As a college student familiar with juggling study time and working out during finals, I was thrilled to discover working out can actually improve your memory — but it depends on when and how you exercise. This is by no means a new discovery, and decades of research has proven the connection between physical exertion and improved memory function. Does this mean there’s another benefit tp dragging your butt to the athletic complex on a Saturday when there are no classes?
A new study published in PLoS One was conducted by the Institute of Medical Psychology of Goethe University in Frankfurt, Germany. It selected 81 young women who were native German speakers and tested their memories depending on what kind of workout they did, or if they did not exercise at all, and if they studied during or after said workout.
The women were randomly divided into three groups. Each group wore headphones and listened for 30 minutes to a list of paired words — one word in German and its Polish translation. The women were asked to memorize the unfamiliar Polish word.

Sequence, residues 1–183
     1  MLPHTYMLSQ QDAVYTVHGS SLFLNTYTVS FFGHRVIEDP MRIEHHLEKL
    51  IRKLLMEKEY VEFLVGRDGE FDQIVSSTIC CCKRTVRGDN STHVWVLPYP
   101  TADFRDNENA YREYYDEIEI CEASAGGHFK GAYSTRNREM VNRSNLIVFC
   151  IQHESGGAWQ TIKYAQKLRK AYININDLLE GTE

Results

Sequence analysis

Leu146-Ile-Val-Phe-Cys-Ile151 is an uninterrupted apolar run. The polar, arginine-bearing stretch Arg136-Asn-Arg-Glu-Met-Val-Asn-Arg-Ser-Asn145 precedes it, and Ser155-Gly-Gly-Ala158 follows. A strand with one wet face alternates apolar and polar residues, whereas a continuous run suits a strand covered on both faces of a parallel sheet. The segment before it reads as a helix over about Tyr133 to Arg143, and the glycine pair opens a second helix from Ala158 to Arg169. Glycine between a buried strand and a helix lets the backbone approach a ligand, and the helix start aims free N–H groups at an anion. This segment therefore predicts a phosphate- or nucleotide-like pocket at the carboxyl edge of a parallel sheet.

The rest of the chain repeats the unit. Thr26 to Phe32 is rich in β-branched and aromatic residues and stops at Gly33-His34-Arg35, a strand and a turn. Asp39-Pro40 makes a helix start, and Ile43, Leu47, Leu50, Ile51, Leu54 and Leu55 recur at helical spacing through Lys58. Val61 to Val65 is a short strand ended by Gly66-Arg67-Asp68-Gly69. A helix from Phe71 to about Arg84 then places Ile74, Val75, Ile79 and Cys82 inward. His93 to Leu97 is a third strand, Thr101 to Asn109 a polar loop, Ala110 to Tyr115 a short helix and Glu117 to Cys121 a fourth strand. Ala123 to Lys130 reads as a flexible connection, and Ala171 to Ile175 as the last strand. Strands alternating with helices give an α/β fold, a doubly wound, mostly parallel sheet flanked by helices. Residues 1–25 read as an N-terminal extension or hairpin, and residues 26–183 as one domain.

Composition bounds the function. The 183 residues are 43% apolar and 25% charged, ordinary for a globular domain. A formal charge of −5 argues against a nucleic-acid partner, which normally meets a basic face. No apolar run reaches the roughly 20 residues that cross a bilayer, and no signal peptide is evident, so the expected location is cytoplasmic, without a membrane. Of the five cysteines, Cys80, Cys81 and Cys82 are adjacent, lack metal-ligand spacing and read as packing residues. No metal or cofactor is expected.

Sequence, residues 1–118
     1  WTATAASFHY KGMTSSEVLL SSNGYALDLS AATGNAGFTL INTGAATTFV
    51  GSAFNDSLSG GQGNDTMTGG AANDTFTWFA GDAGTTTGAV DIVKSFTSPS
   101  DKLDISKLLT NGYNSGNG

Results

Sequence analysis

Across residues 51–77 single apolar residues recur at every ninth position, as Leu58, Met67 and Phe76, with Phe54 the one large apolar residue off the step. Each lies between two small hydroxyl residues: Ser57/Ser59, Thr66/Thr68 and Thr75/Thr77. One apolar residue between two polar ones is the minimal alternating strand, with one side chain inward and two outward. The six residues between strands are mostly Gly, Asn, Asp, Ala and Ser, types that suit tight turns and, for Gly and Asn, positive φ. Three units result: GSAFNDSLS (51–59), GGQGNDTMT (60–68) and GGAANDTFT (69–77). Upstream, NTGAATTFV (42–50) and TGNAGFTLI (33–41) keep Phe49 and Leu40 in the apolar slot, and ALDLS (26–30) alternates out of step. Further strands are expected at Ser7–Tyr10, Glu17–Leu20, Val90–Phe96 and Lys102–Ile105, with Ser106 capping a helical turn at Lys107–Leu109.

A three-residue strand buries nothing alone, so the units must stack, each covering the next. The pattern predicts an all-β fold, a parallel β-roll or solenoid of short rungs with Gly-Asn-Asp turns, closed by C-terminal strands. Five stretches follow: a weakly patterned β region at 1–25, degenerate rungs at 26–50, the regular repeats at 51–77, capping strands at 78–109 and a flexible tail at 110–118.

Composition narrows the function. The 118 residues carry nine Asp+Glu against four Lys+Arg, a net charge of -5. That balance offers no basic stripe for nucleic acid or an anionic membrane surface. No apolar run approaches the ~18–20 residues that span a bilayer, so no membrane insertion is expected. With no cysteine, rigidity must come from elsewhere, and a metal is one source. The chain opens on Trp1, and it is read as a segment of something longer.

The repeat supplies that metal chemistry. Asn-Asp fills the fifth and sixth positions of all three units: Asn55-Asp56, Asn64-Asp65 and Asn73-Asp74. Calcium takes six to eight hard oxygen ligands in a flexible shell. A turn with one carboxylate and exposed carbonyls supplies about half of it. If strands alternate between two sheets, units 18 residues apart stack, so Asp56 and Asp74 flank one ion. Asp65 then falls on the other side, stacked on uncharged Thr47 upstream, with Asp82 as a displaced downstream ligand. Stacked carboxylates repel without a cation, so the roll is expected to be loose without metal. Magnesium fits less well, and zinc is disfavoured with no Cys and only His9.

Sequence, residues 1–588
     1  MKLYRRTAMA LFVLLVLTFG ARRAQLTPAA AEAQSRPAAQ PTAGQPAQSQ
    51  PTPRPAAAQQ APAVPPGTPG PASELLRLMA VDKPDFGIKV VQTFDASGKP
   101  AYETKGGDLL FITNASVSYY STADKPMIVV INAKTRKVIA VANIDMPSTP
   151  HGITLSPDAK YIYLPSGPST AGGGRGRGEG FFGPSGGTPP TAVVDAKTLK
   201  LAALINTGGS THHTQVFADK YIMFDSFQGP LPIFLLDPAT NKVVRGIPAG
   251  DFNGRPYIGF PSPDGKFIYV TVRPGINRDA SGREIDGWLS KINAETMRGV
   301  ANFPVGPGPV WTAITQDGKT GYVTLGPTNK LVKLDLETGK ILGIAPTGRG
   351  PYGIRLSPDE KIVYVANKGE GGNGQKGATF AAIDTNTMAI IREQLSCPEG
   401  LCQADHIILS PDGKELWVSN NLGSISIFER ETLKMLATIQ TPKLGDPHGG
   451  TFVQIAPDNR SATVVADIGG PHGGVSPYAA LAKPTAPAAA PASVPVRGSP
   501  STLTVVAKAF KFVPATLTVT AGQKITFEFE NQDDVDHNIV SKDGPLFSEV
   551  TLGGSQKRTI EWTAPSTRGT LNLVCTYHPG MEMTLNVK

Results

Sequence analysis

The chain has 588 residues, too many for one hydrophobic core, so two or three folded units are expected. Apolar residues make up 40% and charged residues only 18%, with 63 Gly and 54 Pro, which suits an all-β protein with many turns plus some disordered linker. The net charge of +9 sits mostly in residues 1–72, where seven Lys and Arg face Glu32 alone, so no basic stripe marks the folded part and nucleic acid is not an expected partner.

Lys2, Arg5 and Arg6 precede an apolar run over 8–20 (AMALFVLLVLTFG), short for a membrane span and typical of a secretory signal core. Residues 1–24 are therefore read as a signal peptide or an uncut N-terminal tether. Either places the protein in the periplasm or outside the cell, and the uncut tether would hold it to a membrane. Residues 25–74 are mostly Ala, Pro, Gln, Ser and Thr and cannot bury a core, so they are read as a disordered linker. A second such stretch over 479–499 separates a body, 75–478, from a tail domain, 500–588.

The three groups all performed different activities while listening. However, the first group sat for 30 minutes in silence before they sat down to listen to the recording. The second group did a light cardio workout, riding a stationary bike gently for 30 minutes while they listened to the list of words. The third group was the only group to exercise while wearing the headphones and listening to the recording. They rode a bicycle at mild intensity for half an hour while listening.